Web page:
HomeCURRENT AFFAIRSGeetanjali Shree Receives Booker Prize For 'Tomb Of Sand'

Geetanjali Shree Receives Booker Prize For ‘Tomb Of Sand’

Booker Award for Geetanjali Shree: Indian literature has once again made a achievement. A big achievement was registered in the name of Indian writer Geetanjali Shree. Geetanjali Shree and American translator Daisy Rockwell have received the International Booker Prize for the novel ‘Tomb of Sand’.

Originally written in Hindi, this is the first book that has been successful in winning this prestigious award. After winning this award, Geetanjali Shree said that she is very happy. She never imagined that she would get this award. She is feeling very excited after winning this.

“I never dreamt of the Booker, I never thought I could. What a huge recognition, I’m amazed, delighted, honoured and humbled,” said Ms Shree, in her acceptance speech.

“There is a melancholy satisfaction in the award going to it. ‘Ret Samadhi/Tomb of Sand’ is an elegy for the world we inhabit, a lasting energy that retains hope in the face of impending doom. The Booker will surely take it to many more people than it would have reached otherwise, that should do the book no harm,” she said.

Translated into English by Daisy Rockwell, the main character of this novel is an 80-year-old woman. Both have been given an amount of 50,000 pounds ($63,000) for the award. While Geetanjali lives in New Delhi, Rockwell lives in Vermont.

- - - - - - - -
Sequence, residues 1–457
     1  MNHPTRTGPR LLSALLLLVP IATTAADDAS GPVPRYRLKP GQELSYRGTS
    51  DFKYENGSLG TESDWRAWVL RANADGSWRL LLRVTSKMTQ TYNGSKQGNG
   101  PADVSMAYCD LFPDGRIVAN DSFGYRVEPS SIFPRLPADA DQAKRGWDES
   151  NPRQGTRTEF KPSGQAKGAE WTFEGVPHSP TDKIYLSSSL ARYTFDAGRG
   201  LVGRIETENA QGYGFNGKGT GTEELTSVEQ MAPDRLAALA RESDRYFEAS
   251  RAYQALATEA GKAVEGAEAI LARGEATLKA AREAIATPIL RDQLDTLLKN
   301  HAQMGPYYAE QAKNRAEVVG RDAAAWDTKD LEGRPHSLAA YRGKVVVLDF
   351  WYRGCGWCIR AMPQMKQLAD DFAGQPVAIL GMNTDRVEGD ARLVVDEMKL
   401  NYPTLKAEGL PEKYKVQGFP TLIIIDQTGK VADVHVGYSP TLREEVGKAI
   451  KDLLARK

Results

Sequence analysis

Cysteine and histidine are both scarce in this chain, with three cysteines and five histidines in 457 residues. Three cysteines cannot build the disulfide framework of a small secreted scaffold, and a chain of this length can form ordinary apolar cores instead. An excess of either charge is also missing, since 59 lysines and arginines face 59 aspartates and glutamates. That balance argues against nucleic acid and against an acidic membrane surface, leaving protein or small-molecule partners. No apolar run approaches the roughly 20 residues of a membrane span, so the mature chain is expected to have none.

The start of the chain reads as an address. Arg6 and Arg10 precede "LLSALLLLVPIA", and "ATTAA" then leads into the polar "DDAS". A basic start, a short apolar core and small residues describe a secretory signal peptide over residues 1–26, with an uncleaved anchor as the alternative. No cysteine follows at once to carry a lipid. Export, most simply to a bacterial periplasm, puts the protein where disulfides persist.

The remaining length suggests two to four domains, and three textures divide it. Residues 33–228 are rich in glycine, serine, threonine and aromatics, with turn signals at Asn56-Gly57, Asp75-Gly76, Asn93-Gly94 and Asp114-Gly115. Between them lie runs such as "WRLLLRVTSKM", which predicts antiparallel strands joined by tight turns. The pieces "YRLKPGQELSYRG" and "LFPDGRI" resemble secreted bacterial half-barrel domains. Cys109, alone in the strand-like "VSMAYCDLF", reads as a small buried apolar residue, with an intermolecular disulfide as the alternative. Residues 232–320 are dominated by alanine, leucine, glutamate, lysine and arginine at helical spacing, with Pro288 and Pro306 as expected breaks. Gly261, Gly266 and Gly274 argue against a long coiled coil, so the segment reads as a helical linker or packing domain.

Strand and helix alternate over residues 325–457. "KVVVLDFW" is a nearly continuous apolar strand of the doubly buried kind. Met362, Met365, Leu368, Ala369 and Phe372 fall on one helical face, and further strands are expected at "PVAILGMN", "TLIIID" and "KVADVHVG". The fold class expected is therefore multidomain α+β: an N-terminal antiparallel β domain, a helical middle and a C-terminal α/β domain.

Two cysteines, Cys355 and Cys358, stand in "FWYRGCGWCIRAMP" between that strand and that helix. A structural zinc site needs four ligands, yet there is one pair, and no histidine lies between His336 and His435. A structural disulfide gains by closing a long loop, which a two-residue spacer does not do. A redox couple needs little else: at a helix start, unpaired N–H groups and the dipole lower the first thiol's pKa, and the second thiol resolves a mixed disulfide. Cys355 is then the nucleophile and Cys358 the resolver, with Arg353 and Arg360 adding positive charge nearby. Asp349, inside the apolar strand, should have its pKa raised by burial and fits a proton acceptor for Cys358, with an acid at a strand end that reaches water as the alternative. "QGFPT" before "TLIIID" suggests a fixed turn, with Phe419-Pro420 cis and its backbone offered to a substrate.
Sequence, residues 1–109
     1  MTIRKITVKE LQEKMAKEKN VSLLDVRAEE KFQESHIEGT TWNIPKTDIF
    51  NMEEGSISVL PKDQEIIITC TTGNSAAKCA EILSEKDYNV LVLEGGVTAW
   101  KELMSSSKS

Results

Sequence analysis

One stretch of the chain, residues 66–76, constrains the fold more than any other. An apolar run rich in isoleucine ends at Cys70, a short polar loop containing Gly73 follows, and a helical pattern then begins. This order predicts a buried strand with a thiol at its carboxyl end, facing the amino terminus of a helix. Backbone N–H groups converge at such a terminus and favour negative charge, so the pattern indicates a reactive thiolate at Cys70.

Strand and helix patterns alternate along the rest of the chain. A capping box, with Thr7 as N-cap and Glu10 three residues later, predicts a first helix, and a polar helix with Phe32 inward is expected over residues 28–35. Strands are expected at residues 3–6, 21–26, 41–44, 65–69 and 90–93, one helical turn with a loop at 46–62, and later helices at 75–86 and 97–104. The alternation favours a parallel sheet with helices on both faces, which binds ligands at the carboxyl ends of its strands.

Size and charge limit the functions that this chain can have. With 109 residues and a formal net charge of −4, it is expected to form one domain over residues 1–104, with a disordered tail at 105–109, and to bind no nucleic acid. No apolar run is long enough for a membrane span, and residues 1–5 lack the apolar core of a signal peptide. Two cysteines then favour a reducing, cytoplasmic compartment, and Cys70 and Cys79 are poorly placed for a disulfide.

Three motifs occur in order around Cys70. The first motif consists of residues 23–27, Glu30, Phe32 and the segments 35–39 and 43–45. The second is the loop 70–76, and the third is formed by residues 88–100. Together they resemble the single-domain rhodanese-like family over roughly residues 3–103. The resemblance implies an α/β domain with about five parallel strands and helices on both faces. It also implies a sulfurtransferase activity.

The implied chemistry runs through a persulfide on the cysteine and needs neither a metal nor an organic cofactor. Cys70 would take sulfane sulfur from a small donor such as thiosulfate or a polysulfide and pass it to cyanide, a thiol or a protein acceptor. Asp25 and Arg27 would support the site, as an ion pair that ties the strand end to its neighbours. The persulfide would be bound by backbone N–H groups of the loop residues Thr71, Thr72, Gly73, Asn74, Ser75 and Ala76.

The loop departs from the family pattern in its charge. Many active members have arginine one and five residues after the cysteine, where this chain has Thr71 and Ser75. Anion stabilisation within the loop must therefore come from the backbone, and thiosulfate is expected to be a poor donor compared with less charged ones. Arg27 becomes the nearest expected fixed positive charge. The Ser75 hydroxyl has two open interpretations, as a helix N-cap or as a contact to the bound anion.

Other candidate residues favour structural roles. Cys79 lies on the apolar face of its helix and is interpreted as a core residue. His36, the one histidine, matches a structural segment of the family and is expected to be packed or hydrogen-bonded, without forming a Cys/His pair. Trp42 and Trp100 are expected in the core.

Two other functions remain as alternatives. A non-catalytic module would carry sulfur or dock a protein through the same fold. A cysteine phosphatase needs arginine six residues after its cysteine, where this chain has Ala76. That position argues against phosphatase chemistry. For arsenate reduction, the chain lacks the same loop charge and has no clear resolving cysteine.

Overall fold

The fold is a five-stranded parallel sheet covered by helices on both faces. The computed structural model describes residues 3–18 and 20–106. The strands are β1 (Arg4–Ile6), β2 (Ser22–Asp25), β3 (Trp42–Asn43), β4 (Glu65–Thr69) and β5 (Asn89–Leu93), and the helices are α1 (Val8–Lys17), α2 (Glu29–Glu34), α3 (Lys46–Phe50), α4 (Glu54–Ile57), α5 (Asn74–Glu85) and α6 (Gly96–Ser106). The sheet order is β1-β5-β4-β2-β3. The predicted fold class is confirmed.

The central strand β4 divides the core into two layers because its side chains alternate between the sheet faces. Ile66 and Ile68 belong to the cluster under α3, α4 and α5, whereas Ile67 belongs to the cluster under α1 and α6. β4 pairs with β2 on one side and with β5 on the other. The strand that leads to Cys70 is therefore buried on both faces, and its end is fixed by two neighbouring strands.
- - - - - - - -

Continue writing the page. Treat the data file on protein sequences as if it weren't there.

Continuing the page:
Along with this book, 13 books from around the world were in the race for this award. Translator Frank Wynne, who chaired the panel of judges, said the judges voted ‘Tomb of Sand’ to the title by a majority vote after a very passionate debate. He said that, it is a dazzling novel of India. Wynne said that, despite the traumatic events she faced, it is an extraordinarily unbelievable book.

“Ultimately, we were captivated by the power, the poignancy and the playfulness of ‘Tomb of Sand’, Geetanjali Shree’s polyphonic novel of identity and belonging, in Daisy Rockwell’s exuberant, coruscating translation,” said Frank Wynne, chair of the judging panel.

“This is a luminous novel of India and partition, but one whose spellbinding brio and fierce compassion weaves youth and age, male and female, family and nation into a kaleidoscopic whole,” he said.

The novel tells the story of an 80-year-old elderly widow who loses her husband after the partition of India and Pakistan in 1947. After that she goes into deep depression. After much struggle, she overcomes her depression and decides to go to Pakistan to face the past left behind during Partition.

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